The nightmare of the March 2020 lockdown still haunts our memories. Its crippling effect on the economy and the cascading implications of a virtually complete shutdown is still clearly felt. A year after, as the nation heeds a sigh of relief with the rollout of vaccination, the second wave has struck India. The United States and several European nations have already gone through this phase of the pandemic. As the country reached the peak late in daily new cases, the second wave perhaps was delayed. Now the question is how long will it strike us? How best we can cope with it?
Infections appear to decrease. And then, infections increase in a different part of the population, resulting in a second wave of infections.
Epidemiologists predict that the second wave arrived in India on February 15th and shall continue for hundred days since then.
The vaccination will not be complete by then. Thus, vaccines alone cannot guarantee protection against the second wave even if India accelerates the pace of vaccination. According to the official estimates, 6.3 crore Indians have been administered the first dose of the vaccine in March 2021. Since March 20, two million Indians are getting vaccinated every day. The eligibility criteria for receiving the vaccine is further relaxed from April 1. All this will certainly improve the pace of vaccination. Assuming that India vaccinates 1 crore people every day, it still needs more than four months to achieve universal vaccination against COVID-19. Serological surveys indicate that the vast section of the Indian population is still vulnerable to the virus. Therefore, India has to pass through the second wave and evolve a suitable strategy to prevent greater morbidity and mortality due to the infection due to fresh surge in infection.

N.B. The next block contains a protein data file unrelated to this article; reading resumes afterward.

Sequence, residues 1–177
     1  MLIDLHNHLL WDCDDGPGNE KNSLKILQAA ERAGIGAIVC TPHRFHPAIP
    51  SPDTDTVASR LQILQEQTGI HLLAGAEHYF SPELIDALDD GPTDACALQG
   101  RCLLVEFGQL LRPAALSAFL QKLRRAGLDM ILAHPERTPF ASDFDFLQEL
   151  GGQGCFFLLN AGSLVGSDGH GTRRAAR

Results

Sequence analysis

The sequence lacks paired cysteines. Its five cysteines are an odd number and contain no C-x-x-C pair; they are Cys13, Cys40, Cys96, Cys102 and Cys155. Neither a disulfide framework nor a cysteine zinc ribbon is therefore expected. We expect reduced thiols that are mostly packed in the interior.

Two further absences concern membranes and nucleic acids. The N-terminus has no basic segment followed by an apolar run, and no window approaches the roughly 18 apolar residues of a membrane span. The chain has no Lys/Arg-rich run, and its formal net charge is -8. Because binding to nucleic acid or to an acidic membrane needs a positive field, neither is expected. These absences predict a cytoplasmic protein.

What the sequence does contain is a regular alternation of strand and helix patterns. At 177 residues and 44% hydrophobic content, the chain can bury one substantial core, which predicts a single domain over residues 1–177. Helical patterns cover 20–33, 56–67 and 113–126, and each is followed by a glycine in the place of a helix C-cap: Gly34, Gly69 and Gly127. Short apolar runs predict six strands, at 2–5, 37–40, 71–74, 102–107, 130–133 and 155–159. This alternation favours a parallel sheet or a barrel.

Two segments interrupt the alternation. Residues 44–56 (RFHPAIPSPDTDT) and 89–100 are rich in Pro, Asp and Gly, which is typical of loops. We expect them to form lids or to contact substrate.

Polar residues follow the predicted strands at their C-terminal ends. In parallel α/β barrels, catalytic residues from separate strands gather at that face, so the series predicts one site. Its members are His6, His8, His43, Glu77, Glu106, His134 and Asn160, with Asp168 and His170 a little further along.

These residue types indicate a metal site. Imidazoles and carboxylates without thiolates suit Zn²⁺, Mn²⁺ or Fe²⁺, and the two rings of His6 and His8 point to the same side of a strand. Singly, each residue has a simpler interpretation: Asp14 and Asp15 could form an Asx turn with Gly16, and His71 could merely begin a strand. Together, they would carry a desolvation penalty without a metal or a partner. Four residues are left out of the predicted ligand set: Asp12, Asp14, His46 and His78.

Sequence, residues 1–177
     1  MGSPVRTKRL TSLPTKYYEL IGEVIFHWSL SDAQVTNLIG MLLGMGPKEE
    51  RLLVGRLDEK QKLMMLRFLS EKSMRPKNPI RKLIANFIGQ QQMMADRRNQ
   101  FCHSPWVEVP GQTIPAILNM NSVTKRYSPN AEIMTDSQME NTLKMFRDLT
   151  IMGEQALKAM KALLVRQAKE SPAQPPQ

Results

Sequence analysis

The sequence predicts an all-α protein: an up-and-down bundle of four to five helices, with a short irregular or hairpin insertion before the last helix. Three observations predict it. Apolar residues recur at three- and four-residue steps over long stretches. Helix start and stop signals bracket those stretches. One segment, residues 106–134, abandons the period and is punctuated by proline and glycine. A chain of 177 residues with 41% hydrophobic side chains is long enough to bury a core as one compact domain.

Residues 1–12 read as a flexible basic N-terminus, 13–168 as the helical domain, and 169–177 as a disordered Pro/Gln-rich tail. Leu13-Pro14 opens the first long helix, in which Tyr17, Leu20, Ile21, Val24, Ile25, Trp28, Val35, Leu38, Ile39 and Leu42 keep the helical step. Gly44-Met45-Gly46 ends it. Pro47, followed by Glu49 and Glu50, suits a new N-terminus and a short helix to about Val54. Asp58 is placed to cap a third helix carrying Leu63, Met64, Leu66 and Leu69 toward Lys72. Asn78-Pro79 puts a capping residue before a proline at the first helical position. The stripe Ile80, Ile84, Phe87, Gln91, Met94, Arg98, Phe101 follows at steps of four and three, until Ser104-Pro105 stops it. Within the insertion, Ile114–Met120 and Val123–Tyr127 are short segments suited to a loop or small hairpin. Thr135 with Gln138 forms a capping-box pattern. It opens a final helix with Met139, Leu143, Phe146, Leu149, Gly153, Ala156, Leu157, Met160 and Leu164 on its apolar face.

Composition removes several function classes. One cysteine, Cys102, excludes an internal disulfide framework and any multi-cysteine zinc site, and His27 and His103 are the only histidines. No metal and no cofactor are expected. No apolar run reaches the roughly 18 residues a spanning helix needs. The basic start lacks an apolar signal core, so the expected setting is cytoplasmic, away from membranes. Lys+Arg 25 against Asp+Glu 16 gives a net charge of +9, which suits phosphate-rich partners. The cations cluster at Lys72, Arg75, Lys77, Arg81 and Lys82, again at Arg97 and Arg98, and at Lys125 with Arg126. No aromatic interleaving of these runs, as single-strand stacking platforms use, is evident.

Vaccine trials also reveal that jab may not provide full protection against the infection, but substantially reduces the severity of health complications due to COVID-19. Thus the vaccination process has to get further momentum.
Ground reports indicate COVAXIN is hardly available at least in Hyderabad hospitals, though it is produced from the city. The Brazilian drug regulator denied permission to import of COVAXIN citing concerns of the standards at the Bharat Biotech manufacturing facility. Concerns over adverse effects following immunisation with COVISHIELD in few European countries and the United States raising questions over data reporting standard by Astra Zeneca can contribute to the vaccine hesitancy. The authorities have to improve public communication to pacify such concerns for an unhindered continuation of vaccine drive.
Emergency use authorization was granted to Bharat Biotech even before the phase three trial data was not available. COVISHEILD was given similar authorization even before a satisfactory data on local efficacy was available. Why are not authorities considering other vaccines in the pipeline? Why India is still not importing Moderna and Pfizer’s vaccine?
More research is required on the trajectory of the second wave like reinfection rate, protection from vaccines, the vulnerability of the age group who are still not eligible for vaccination, and the impact of domestic and foreign variants so that an effective program can be executed to face the challenge of the surging second wave.
-By Prof K Nageshwar
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